To illustrate the point of childhood being dumbed down, she brought up the book The Wonderful Fluffy Little Squishy by Beatrice Alemagna. Apparently, in the original edition there is a scene where the girl is at a butcher’s and the man is speaking to her while his knife drips blood. Yet when Thames & Hudson published the book they erased the knife and Beatrice had to redraw the hand. This makes no sense to Giorgia. “Children are obsessed with blood!” Such changes disturb her. As she said, at least when a book is banned it exists. Ultimately she worries about a world where books that are disturbing to someone don’t exist. Because that would be the end of art.
And speaking of art, we turn at last to our last speaker. David Levithan found himself in the unenviable position of speaking last on a panel that, as you can see, was covering quite a wide range of topics. Happily, he chose to stand up as he gave his presentation. The panelists were not on a raised stage, so for those of us sitting, we couldn’t really make him out clearly until he did that.
Now we were turning our sights back to the United States. David asked where you might find a law passed to forbid gay content in books in schools. The answer? Both Putin’s Russia and Florida. But David wasn’t going to rehash the material already covered. Instead, he made it clear that though he was just in the North Texas Teen Book Festival he still took the time to come to Bologna. Why? To sound the alarm. The conservatives of Europe are looking at America at this movement of book banning. They’re seeing that this is an efficient way to roll back civil rights so, right now, they’re dusting off the censorship playbook. This is not an American problem. It can happen anywhere (as Giorgiana showed with her discussion of Venice and Doris with the recent case in the Netherlands) and what we need to do is to fight.
“The books don’t matter. The kids matter.” And these books are being banned to scare kids and adults. “This is an effort to push kids back in the closet and they don’t care if they kill themselves there.” If the statistics Barbara quoted earlier are chilling then we have to take action.
Now there are a lot of ways you can look at all of this. Certainly, you can look at this as devastating. But you can also see a positive aspect to this because honestly it means we’ve published over 3000 books that these people are attacking. That’s 1800 authors. When David wrote Boy Meets Boy he was immediately cancelled/protested/you name it. Now, after 20 years, more authors are writing other LGBTQIA+ books and getting published. Remember, it wasn’t long ago that foreign publishers would tell Americans that they weren’t ready for queer literature. Just walk around the fair now and see how that’s changed! The problem is that now politicians and the far right are trying to end that progress. But as David said, “1,800 of us writing these books. That means that publishing is actually doing the right thing. We are supporting the voices that need to be heard and scaring the people trying to shut us up.”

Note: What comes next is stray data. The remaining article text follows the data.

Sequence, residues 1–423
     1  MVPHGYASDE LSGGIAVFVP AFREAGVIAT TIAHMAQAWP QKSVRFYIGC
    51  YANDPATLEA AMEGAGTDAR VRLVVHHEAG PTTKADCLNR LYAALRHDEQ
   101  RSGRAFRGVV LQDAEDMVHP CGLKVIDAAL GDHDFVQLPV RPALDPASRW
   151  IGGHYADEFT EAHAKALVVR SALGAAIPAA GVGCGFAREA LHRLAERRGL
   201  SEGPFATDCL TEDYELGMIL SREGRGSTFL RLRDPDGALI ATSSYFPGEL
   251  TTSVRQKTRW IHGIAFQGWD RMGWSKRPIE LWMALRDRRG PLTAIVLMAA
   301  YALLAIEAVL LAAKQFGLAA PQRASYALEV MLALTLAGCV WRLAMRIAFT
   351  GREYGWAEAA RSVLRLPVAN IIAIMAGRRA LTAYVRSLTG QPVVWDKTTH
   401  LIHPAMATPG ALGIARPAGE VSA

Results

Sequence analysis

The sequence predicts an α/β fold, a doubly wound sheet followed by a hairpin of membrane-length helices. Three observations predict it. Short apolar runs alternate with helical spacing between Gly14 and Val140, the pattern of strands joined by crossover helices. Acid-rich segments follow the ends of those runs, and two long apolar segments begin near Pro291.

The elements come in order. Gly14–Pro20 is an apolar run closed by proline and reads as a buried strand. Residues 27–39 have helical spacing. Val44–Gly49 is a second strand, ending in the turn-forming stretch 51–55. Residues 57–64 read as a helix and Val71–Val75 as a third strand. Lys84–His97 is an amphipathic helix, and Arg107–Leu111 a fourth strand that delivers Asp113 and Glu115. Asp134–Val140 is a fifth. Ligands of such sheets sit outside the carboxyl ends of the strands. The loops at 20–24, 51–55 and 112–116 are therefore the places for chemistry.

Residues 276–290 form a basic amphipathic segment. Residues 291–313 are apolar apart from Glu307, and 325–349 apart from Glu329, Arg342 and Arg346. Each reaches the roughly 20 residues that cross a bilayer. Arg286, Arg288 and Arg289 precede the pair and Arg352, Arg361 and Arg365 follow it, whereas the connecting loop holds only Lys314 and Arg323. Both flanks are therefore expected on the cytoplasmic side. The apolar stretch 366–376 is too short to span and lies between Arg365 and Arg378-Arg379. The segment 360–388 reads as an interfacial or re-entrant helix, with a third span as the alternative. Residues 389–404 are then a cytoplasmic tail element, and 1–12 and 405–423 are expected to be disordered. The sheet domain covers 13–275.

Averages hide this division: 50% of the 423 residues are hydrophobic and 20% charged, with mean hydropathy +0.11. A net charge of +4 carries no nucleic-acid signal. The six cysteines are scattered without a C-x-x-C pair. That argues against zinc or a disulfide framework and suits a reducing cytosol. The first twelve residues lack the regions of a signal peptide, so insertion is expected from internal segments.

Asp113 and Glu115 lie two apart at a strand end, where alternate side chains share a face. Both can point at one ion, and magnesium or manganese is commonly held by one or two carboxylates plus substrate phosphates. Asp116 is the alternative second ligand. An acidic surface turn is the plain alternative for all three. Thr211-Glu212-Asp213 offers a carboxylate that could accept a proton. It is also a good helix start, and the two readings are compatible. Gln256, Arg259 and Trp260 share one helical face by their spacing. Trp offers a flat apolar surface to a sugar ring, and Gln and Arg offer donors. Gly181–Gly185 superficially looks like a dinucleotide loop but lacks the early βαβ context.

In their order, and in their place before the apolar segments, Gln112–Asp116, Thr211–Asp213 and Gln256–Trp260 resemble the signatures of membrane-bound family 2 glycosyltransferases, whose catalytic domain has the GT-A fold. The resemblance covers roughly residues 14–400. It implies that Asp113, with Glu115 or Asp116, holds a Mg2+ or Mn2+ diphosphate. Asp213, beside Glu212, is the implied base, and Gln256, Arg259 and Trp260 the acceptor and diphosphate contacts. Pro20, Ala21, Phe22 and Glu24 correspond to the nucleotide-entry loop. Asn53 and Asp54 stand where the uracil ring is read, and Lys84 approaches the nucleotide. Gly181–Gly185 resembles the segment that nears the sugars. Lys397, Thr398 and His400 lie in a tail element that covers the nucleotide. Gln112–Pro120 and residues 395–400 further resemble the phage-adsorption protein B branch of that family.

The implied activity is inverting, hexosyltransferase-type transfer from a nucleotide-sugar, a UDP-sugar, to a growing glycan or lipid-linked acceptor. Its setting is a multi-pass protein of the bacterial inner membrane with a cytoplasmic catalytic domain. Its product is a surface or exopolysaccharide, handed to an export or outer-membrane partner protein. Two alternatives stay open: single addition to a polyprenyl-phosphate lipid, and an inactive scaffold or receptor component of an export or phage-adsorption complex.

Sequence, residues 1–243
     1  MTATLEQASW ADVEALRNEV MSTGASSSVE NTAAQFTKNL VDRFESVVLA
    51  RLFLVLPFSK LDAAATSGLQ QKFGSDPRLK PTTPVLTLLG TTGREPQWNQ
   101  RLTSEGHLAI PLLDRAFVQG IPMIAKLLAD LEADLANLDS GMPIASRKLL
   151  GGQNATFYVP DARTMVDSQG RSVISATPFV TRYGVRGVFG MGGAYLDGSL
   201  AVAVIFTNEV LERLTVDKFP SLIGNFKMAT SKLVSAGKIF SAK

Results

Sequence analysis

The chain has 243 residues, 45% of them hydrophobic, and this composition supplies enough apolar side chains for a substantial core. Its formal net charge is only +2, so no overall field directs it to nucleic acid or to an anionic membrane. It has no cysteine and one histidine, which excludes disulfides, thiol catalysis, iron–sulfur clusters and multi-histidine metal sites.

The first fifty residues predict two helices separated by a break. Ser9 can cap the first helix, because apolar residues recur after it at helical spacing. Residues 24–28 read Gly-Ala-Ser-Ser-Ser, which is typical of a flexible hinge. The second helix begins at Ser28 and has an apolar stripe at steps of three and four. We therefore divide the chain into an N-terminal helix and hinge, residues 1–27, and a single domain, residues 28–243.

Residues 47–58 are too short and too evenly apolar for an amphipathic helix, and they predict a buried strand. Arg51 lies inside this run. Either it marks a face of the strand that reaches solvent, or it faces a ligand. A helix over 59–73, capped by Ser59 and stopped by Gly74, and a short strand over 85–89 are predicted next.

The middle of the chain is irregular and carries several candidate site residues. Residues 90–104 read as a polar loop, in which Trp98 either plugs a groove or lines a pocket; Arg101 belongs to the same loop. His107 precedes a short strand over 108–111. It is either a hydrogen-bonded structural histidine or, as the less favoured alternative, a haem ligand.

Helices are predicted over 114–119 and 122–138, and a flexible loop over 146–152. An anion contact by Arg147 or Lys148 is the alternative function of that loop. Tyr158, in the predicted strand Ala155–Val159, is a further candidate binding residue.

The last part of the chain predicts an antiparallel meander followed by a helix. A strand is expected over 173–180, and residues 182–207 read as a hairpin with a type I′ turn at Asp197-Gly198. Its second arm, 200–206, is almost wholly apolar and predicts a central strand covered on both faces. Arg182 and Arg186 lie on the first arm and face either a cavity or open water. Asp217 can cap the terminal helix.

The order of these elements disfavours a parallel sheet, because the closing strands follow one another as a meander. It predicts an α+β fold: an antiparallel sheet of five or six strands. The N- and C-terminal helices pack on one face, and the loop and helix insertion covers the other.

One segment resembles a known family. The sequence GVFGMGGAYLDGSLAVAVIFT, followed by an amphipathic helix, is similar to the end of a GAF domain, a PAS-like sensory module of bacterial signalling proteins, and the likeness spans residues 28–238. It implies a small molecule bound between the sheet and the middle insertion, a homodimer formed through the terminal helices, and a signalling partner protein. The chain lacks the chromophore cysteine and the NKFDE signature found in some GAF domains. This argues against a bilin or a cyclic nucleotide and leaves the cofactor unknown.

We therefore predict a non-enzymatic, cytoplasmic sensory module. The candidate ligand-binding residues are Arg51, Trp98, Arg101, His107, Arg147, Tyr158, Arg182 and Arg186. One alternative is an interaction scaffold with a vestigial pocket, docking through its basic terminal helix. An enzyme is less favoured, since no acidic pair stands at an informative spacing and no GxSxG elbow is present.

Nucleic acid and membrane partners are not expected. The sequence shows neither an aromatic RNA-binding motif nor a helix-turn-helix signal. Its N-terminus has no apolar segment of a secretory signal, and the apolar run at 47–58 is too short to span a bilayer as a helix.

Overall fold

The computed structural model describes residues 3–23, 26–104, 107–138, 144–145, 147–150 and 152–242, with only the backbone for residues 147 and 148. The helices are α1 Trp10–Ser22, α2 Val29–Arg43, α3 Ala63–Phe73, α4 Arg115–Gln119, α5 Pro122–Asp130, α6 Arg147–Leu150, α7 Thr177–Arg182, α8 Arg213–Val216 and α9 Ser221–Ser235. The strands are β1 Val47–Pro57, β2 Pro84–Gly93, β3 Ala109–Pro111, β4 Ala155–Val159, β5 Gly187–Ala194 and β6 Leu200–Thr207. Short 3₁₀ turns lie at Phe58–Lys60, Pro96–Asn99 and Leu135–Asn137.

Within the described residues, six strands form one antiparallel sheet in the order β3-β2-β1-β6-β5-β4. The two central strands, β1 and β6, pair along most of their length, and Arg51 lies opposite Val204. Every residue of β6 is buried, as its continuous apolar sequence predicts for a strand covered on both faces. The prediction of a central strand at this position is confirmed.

David says he often says to people, “I bet you didn’t become a teacher/ librarian to keep books out of the hands of children.” And no one went into publishing not to publish the books the kids need. So his trip to Bologna was, as he said, meant to raise the alarm that people need to keep fighting.
Now here’s my favorite part of the speech: “Keep publishing and pushing these books. I don’t give a shit about Roald Dahl using the word ‘fat’ or ‘enormous’. THAT conversation is a distraction. We have to focus on the things that are most important to the kids and make sure the media is paying attention to that.” He pointed out that when it came to the Roald Dahl changes, in light of the book banning (which is real and happening now) that brouhaha was basically a theoretical conversation.
Like a friggin’ breath of fresh air, he was. The times are dark. Things are difficult. But where we chose to focus is important. So yes, feel free to hem and haw over whether or not the changes to The Witches was imperative or not. Meanwhile there are librarians literally facing imprisonment over making books available to kids.
Now you tell me. What will you chose to find more important?
Filed under: Bologna Children's Book Fair
About Betsy Bird
Betsy Bird is currently the Collection Development Manager of the Evanston Public Library system and a former Materials Specialist for New York Public Library. She has served on Newbery, written for Horn Book, and has done other lovely little things that she'd love to tell you about but that she's sure you'd find more interesting to hear of in person. Her opinions are her own and do not reflect those of EPL, SLJ, or any of the other acronyms you might be able to name. Follow her on Twitter: @fuseeight.